I can’t over-emphasize how important time management has been to any success I have had. Between the orchestra’s schedule, my own personal projects, chamber performances and my personal life; I have a lot to balance! And I know I am not alone. Keeping all of those balls in the air is tough, but having a plan helps.
A common frustration I hear from students is how to prepare and be ready when they have so many projects going on at the same time. Today, as a part of my Process Series, I’m going to explain how I build a timeline so that I can accomplish my goals on multiple projects and not let anything fall through the cracks.
The first bit of advice I will give is to write those goals down. It is one thing to have them in your head, but it is another to see them on paper. It makes them concrete. I write mine on a dry erase board in my studio. I’m forced to see them every time I walk into the studio. They can be small goals like bumping a solo up 5 clicks, or big goals like learning a 15 minute contemporary solo. No matter how big or small, writing them down gives them importance. This will hopefully translate into the importance you give them while actually practicing.
For planning purposes, I divide goals into 3 categories: Daily Goals, Weekly Goals, and Long Term Goals. This helps me have realistic expectations for each time period. If I break down my long term goals into smaller steps (weekly goals) I am much more likely to achieve them. I then look at my weekly goals and figure out how I can accomplish them in the time I have over the week. It almost becomes a game of Tetris, trying to fit tasks I need to accomplish, into the available time I have during the week.
To establish a timeline for all of these goals, the first step is to establish deadlines or dates I want to accomplish those goals by. Sure it would be nice to learn the entire G minor Sonata, but it would be even better to learn it in time for you recital! It is no fun to realize a week or two before a big performance that you aren’t at the point you need to be at. The first step in fighting that is writing down your “due date”.
To make sure I hit my goal date I plan backwards from that date to the present. This also can also serve as a a quick reality check to see if that goal is even possible. See my previous post How to Go About Choosing and Learning a New Piece for some tips on how to set yourself up to succeed. Assuming the work I’ve chosen can be learned in the amount of time I have, I can break down the work to accomplish that into manageable weekly goals. Visually seeing the progress on a sheet of paper is very important for me. Especially when I am frustrated in the practice room. It allows me to struggle with something in the moment, knowing that I don’t have to solve every problem today. Only the one I am currently facing. Without the timeline, it is easy to stress out today, about a goal that really doesn’t need to be tackled for another 2 weeks. There are 500 hundred things you will probably struggle with over the course of learning a piece. However you can really only solve one at a time.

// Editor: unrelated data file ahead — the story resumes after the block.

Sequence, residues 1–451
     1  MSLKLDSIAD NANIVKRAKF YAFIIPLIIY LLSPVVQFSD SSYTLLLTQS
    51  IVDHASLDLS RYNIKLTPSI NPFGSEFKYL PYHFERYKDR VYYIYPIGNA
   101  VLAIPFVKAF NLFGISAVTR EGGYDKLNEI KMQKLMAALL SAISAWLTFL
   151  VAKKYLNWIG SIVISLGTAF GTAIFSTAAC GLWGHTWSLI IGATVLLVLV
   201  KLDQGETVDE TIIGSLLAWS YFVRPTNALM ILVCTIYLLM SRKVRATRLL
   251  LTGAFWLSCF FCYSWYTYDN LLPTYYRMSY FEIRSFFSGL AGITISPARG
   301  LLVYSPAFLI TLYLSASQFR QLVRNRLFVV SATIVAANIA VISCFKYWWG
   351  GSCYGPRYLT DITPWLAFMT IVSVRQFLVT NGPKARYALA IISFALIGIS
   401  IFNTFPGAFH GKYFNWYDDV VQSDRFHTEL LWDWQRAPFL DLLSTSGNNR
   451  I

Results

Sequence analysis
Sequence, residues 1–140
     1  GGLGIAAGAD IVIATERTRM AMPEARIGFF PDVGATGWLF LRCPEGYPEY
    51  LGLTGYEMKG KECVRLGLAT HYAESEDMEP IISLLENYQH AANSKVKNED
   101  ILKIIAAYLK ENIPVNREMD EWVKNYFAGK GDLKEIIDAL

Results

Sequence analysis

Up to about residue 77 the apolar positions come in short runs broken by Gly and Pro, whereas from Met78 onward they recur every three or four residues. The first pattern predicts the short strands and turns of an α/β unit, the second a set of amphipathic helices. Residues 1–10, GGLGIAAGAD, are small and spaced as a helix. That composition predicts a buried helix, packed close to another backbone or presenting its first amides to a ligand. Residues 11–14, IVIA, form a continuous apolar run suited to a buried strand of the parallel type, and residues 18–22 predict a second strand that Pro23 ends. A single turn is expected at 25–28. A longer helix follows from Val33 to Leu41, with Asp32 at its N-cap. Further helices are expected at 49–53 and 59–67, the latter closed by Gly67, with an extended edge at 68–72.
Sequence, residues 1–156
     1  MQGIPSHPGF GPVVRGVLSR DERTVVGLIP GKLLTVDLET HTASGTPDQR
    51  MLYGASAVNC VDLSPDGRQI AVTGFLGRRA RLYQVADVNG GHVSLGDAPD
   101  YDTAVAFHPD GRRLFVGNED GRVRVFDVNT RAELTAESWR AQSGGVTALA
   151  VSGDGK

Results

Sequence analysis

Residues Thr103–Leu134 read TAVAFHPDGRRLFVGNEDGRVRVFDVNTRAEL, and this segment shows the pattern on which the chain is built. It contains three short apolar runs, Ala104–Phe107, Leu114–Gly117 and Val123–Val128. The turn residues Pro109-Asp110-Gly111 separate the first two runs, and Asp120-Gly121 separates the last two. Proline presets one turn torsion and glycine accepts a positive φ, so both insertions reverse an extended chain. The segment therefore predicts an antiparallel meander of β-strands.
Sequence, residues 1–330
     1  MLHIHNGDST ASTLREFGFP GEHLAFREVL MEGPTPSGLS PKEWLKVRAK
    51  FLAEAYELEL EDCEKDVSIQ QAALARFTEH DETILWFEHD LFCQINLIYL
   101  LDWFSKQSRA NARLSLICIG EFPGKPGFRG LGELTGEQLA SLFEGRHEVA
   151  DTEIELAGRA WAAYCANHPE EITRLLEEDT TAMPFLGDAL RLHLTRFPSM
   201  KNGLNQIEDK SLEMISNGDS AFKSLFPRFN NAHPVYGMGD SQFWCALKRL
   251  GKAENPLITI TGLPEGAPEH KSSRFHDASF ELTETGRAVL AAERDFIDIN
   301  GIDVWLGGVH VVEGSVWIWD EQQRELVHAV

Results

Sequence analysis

Two very important aspects of this method of planning is to regularly reassess your progress and adjust the timeline when needed. The benefit of being able to see the timeline written down, is to trust that if you do everything you set out to do, you will be ready! If you fall behind your timeline, don’t get upset, be glad you realized it so you can allocate more time to what is taking you longer to accomplish. Think about the scenario if you had not made this timeline. You would keep progressing at the slower pace, not realizing you weren’t going to meet the performance date. Not good! Every week you should re-evaluate the coming week’s goals and allocate your daily practice goals accordingly so you will be on track for the next week.
So let’s make a mock timeline. In this scenario I have 2 ensemble parts to prepare, 2 solos to prepare and 2 chamber music parts to prepare. In all scenarios lets say that the “A” piece is the hard one and the “B” piece is more manageable. First I establish when the concerts or “due dates” are.
Next I work backwards to establish when those final steps before the performance should be done.
I want to establish when I should be ready to play for people, even if it’s not 100% ready and when I should have works close to tempo.
Then I establish when to start some works to keep my overall workload manageable. This can be really important! If you know there is a time period that is incredibly busy, do as much preparation when you can on more straightforward things so you can be focused on the tough stuff when your schedule is tight. For instance I have a recital the week before a straightforward chamber piece (B). I don’t want to be worried about the chamber work in the lead up to my recital so I did some early prep in April so I could put it away around the recital.
Finally I fill in all the “along the way” goals such as when notes should be memorized even if very under tempo. Where key points are. Some works need more goals along the way and some simply need “notes learned” and “notes up to tempo” checkpoints.
Obviously this mock scenario is very vague, but I wanted to leave a lot of room for personalization as everyone prepares differently. Some players really struggle with memorization so they need more time for that. Some memorize very quickly but have trouble putting it all together. A lot of players need significant time to walk through technical challenges. Everyone has their quirks. If a reasonable plan is laid out though, it is much easier to trust. This is INCREDIBLY valuable to me when practicing as it allows me to struggle with something in the moment, knowing that I have the time to fix it and the overall plan will still work. I hope some of these tips can help you manage your time and be ready to play your next performance!